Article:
Vaccination, “the only way out of the pandemic”
The president of Romania Klaus Iohannis Tuesday once again called on citizens to get the COVID-19 vaccine, stating that this is the only way to end the pandemic. As many Romanians vaccinated means getting rid of restrictions and returning to normal, the head of state pointed out. In turn, PM Florin Cîţu reiterated that the government targets 5 million Romanians vaccinated by 1 June, and that as of that moment we will be able to talk in different terms about returning to normal.
Florin Cîţu: “For us there is no other way. The only solution, if we want to go to concerts again, to have family gatherings, to go on holiday abroad or in Romania, to go to restaurants, to the cinema, to the theatre, to do everything we used to do, is for us to get the vaccine. This vaccination campaign is a campaign for life, for ourselves, for returning to normal.”
In turn, an inter-ministry committee working for Romania’s return to normal as of 1 June, 2021, had a new meeting highlighting the need to gradually adjust the lifting of containment measures to each sector of the economy. The group also discussed the progressive reopening of the hospitality sector, as the vaccine rollout continues.
Meanwhile, several drive-through vaccination centres have been opened in the country, where people can get the vaccine without previous appointments. Moreover, between 7 and 9 May an anti-COVID vaccination marathon will be organised in Bucharest, after the operation proved a success elsewhere in the country. At present around 1,000 vaccination centres are active, with a combined capacity of over 120,000 people immunised daily.
The number of daily new COVID-19 cases has dropped across the country, and this week a number of containment measures are being lifted. The number of patients in intensive care is also dropping, and so is the number of COVID-related deaths. Of the total number of Romanians infected since the start of the pandemic, over 90% have recovered.
Talks on the National Recovery and Resilience Plan
The ruling coalition in Bucharest agreed on a National Recovery and Resilience Plan with projects worth 29 billion euro. The Plan will be submitted to Brussels as of 10 May, when final negotiations with the European Commission will be held. PM Florin Cîţu announced that no project will be dropped, but that the funding for some investment lines will be reduced, after Romania received comments from the EC especially concerning projects related to irrigation systems, natural gas networks and motorways.
The prime minister said there are no problems in the negotiations with the Commission, but that Brussels asked for more details regarding Romania’s plan. In turn, the minister for investments and European funding Cristian Ghinea said, "discussions continue on all the components," and "the European Commission has this kind of dialogue with all member countries."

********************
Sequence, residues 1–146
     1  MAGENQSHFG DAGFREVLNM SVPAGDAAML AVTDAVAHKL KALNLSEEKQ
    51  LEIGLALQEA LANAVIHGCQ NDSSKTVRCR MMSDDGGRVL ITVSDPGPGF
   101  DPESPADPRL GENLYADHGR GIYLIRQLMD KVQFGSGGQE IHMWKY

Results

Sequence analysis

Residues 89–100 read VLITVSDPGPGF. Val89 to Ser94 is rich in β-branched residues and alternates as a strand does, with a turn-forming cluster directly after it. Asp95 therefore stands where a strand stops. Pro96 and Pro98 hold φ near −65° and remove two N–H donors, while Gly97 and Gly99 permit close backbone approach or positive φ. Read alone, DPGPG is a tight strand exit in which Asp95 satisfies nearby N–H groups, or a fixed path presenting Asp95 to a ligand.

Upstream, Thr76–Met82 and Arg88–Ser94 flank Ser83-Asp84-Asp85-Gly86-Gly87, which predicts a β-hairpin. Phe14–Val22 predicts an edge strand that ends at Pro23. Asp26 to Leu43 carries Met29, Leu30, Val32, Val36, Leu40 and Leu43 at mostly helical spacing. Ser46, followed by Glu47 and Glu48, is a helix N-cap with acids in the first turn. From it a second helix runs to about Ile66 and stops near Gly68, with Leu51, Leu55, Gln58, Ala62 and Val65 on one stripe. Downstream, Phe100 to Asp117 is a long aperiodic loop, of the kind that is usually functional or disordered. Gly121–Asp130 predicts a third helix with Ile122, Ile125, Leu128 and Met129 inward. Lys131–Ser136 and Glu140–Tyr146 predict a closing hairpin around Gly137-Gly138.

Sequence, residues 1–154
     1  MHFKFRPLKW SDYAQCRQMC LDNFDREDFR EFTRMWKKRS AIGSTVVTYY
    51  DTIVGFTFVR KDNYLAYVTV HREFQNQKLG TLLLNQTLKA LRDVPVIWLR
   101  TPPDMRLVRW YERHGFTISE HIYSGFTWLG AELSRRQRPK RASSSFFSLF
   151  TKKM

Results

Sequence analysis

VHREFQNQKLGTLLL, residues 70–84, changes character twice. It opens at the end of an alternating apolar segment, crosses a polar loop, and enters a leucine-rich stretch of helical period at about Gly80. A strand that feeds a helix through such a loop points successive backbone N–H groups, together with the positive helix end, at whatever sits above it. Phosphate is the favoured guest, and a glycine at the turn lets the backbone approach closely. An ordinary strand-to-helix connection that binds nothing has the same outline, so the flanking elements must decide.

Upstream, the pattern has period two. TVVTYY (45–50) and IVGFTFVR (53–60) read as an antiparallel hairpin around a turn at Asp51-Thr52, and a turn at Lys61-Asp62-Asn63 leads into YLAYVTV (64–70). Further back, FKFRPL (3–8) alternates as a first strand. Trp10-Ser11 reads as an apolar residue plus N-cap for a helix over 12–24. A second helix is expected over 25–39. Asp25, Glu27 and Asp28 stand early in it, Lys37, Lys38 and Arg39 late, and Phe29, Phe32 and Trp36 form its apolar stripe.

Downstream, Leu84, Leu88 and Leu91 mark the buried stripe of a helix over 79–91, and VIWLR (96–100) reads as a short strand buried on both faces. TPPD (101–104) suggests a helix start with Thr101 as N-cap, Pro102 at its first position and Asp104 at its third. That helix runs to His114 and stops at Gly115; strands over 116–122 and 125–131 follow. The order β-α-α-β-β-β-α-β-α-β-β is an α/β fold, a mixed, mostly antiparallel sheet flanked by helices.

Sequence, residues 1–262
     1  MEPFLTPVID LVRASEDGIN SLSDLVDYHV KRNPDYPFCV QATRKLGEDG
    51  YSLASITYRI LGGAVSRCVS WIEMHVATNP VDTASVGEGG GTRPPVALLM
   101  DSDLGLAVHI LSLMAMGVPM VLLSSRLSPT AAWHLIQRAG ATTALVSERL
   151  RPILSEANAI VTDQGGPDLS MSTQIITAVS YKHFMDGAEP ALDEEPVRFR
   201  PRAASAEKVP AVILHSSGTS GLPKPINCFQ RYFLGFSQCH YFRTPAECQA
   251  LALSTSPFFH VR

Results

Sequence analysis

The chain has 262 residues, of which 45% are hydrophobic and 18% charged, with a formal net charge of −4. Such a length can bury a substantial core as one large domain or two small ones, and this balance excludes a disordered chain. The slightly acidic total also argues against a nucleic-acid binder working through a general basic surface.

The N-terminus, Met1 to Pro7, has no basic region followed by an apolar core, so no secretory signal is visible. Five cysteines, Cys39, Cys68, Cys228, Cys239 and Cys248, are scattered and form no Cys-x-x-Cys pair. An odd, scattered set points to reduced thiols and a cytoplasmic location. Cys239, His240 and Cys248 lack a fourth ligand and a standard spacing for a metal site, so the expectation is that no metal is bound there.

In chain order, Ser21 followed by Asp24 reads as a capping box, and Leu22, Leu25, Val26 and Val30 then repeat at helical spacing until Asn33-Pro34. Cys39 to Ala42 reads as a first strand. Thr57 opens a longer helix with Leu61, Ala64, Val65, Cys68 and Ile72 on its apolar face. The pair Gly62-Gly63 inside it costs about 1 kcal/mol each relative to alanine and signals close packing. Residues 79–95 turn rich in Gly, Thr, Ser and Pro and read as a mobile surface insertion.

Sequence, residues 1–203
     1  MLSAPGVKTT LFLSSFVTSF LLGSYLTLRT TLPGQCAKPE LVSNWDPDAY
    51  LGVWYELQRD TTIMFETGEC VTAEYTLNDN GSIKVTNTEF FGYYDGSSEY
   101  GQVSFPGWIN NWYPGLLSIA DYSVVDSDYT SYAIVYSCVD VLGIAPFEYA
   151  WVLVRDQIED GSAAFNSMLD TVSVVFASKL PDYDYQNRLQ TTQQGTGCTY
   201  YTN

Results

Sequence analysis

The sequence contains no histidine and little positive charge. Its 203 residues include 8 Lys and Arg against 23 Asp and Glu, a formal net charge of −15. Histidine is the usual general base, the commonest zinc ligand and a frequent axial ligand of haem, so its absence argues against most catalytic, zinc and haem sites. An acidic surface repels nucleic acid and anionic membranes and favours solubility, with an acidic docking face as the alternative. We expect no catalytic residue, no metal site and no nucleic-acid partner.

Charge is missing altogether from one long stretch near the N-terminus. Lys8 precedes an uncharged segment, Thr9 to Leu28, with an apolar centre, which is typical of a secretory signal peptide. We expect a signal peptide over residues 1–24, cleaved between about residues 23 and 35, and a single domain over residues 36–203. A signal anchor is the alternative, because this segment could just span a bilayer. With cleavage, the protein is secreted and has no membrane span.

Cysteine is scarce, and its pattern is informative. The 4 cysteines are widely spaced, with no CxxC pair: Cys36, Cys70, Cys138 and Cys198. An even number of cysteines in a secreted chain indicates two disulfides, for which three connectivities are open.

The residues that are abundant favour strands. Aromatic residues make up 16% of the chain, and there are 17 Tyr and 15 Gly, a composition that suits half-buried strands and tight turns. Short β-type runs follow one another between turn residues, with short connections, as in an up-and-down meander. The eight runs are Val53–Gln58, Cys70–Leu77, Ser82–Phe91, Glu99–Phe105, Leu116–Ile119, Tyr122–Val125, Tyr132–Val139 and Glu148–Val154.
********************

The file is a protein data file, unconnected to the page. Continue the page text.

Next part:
Cristian Ghinea: “We are trying to adjust to as many of the Commission’s comments as possible, and we have even brough allocations in line with these comments. As for the projects that are our priorities, even if the Commission has a different opinion at this time, we will move forward with them.”
According to the Romanian official, several countries are to submit their National Plans after the end of April, the original deadline set by the Commission. Meanwhile, the vice-president of the EC Margrethe Vestager announced that she had a “constructive” meeting with the Romanian minister concerning the National Recovery and Resilience Plan, and said progress has been made.
Protection for Romanian workers abroad
At the suggestion of the labour ministry, the government passed an emergency order providing better protection for the Romanians working abroad. The order includes new obligations for recruitment agencies and for providers of relevant services, which grant additional protection to Romanian citizens.
One provision is that mediation services for Romanians getting employment abroad should be free of charge, and that employment contracts should be provided in Romanian as well. Romanian workers are also to receive their written employment contracts before leaving the country. The labour minister Raluca Turcan also mentioned that transport companies must comply with certain requirements:
Raluca Turcan: “When transport companies take over Romanian workers who got jobs abroad, they must be grouped together depending on the chosen job. Also, when they take over workers for a particular country, a company must drop them at the employer’s site.”
The order passed by the government also provides for tougher penalties for breaching the law.
Supreme Defence Council discusses Black Sea, Afghanistan situations
Romania will pull out its troops from Afghanistan in coordination with the other NATO members, beginning 1 May. All the 615 troops and over 80 tonnes of materials and equipment will be brought back on Romanian and NATO military aircraft, the Presidency announced at the end of Tuesday’s meeting of the Supreme Defence Council. The withdrawal will be phased and spread across the forthcoming months. In the anti-terrorist mission in Afghanistan launched shortly after the 9/11attacks in the US, 27 Romanian troops lost their lives.
In the same meeting the Supreme Defence Council also decided that Romania would continue to promote efforts to strengthen the Allied posture in the country and in the region, in a responsible manner and in line with international law. Moreover, concerned with the recent build-up of Russian troops at Ukraine’s eastern border, Romania is interested in solving the protracted conflicts in the Black Sea region, and the foreign ministry has presented the EU with some initiatives in this respect, the presidency also said in a news release. (tr. A.M. Popescu)